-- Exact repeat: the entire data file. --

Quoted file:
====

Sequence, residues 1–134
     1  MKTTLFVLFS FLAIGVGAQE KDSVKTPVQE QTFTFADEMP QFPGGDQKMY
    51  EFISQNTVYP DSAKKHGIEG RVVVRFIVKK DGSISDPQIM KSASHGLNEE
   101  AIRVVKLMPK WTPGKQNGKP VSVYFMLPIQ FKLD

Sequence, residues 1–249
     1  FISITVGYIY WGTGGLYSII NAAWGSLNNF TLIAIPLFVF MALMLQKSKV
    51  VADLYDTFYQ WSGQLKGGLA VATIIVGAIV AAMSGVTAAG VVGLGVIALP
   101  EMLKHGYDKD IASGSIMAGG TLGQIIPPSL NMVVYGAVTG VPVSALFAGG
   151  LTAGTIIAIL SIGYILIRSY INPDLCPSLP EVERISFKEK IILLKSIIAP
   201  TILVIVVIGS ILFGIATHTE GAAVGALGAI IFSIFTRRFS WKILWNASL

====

Sequence, residues 1–134
     1  MKTTLFVLFS FLAIGVGAQE KDSVKTPVQE QTFTFADEMP QFPGGDQKMY
    51  EFISQNTVYP DSAKKHGIEG RVVVRFIVKK DGSISDPQIM KSASHGLNEE
   101  AIRVVKLMPK WTPGKQNGKP VSVYFMLPIQ FKLD

Sequence, residues 1–249
     1  FISITVGYIY WGTGGLYSII NAAWGSLNNF TLIAIPLFVF MALMLQKSKV
    51  VADLYDTFYQ WSGQLKGGLA VATIIVGAIV AAMSGVTAAG VVGLGVIALP
   101  EMLKHGYDKD IASGSIMAGG TLGQIIPPSL NMVVYGAVTG VPVSALFAGG
   151  LTAGTIIAIL SIGYILIRSY INPDLCPSLP EVERISFKEK IILLKSIIAP
   201  TILVIVVIGS ILFGIATHTE GAAVGALGAI IFSIFTRRFS WKILWNASL